II.

         Rule 12(b)(1) motions may challenge subject-matter jurisdiction based upon the complaint's face or its underlying facts. Pittman v. Metuchen Police Dept., No. 08-2373, 2009 WL 3207854, *1 (D.N.J. Sept. 29, 2009) (citing James Wm. Moore, 2 Moore's Federal Practice § 12.30[4] (3d ed. 2007)). “A facial attack questions the sufficiency of the pleading, and in reviewing a facial attack, a trial court accepts the allegations in the complaint as true.” Id.

         III.

         Two issues are presented by the instant motion: (A) Pursuant to the APA, 5 U.S.C. § 702, what remedies are available to the Historical Society for the alleged NHPA violation? and (B) Is the Historical Society's request for a new section 106 review moot? The Court addresses each question in turn.

         A.

         Although the Historical Society seeks broad relief for the asserted APA violation[3], the Court concludes that the only remedy available under the APA for the alleged NHPA violation is a section 106 review; all other remedies are barred by sovereign immunity.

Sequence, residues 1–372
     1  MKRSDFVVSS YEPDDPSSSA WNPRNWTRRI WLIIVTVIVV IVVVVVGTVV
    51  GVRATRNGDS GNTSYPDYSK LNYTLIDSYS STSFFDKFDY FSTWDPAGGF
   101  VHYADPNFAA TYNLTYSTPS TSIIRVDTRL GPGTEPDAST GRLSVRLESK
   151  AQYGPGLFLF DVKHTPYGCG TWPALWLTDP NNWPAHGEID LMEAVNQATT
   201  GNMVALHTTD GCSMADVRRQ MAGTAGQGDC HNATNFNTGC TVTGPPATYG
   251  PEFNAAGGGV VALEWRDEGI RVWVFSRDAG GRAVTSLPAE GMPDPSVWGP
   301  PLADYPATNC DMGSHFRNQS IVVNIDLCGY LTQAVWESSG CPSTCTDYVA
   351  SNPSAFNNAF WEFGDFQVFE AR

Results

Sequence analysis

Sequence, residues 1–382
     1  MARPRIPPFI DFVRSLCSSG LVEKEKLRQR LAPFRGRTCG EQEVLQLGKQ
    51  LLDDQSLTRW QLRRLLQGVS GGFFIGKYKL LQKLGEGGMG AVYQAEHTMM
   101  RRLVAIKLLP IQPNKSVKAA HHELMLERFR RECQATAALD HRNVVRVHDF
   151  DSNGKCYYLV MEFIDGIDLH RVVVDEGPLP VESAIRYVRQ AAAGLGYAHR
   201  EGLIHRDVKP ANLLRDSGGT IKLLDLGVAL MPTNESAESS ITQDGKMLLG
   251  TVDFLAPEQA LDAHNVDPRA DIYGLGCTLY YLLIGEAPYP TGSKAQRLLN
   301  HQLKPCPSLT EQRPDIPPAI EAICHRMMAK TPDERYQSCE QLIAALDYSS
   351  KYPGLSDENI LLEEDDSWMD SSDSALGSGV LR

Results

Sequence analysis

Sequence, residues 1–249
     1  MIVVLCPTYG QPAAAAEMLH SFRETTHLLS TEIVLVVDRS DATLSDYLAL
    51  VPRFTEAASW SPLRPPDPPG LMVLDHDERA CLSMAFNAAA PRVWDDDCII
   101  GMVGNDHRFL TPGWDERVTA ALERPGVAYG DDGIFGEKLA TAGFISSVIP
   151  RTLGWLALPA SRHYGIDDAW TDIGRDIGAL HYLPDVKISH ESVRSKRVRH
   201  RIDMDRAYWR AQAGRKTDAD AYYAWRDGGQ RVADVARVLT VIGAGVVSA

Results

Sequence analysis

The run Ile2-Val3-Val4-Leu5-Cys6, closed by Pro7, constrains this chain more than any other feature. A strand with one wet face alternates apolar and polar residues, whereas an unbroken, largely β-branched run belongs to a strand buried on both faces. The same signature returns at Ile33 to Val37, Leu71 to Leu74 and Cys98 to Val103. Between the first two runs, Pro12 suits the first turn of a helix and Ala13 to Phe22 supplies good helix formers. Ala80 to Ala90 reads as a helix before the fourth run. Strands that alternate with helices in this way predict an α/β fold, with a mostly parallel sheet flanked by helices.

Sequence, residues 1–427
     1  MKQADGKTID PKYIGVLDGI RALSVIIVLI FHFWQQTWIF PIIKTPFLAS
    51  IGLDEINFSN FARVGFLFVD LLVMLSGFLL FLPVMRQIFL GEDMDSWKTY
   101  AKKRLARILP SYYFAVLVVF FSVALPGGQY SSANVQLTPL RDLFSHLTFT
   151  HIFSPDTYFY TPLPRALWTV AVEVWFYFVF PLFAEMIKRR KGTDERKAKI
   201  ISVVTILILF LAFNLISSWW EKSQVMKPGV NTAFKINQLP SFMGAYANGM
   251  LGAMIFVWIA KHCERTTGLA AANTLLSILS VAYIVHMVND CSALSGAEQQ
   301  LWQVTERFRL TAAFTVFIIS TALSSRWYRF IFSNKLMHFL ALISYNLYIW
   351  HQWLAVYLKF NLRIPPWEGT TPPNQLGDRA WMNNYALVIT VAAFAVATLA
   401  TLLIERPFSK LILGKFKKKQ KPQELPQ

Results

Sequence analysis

Under § 702, a plaintiff is only entitled to that which the NHPA gives it. U.S. v. Chambers, 92 F.Supp.2d 396, 400 (D.N.J. 2000) (applying Bowen v. Massachusetts, 487 U.S. 879 (1988) and Dep't of the Army v. Blue Fox, Inc., 525 U.S. 255 (1999)). The parties do not dispute that the NHPA only creates a procedural right-- a “right”[4] to a section 106 review. 54 U.S.C. § 306108 (“section 106”) (“The head of any Federal agency . . . shall . . . take into account the effect of the undertaking on any district, site, building, structure, or object that is included in or eligible for inclusion in the National Register.”); 36 C.F.R. § 800.29(c)(5) (“organizations” such as the Historical Society “may participate [in the § 106 process] as consulting parties”); Friends of the Atglen-Susquehanna Trail, Inc. v. Surface Transp. Bd., 252 F.3d 246, 252 (3d Cir. 2001) (“The NHPA is a procedural statute designed to ensure that, as part of the planning process for properties under the jurisdiction of a federal agency, the agency takes into account any adverse effects on historical places from actions concerning that property.”) (emphasis added). Therefore, under the APA, the only relief available to the Historical Society for the alleged NHPA violation is a section 106 review.[5] All other relief is barred by sovereign immunity. Blue Fox, 525 U.S. at 261 (explaining that § 702 is a limited waiver of sovereign immunity and that waiver “is to be strictly construed, in terms of its scope, in favor of the sovereign.”); Bowen, 487 U.S. at 891-92 (explaining that § 702 is a limited waiver of sovereign immunity).[6] Thus, even the Historical Society's demand for commemorative signage, which the Historical Society suggested at oral argument is de minimus in nature and not tantamount to money damages, is barred by sovereign immunity because the Historical Society never had an entitlement to such relief under the NHPA in the first instance. In this ...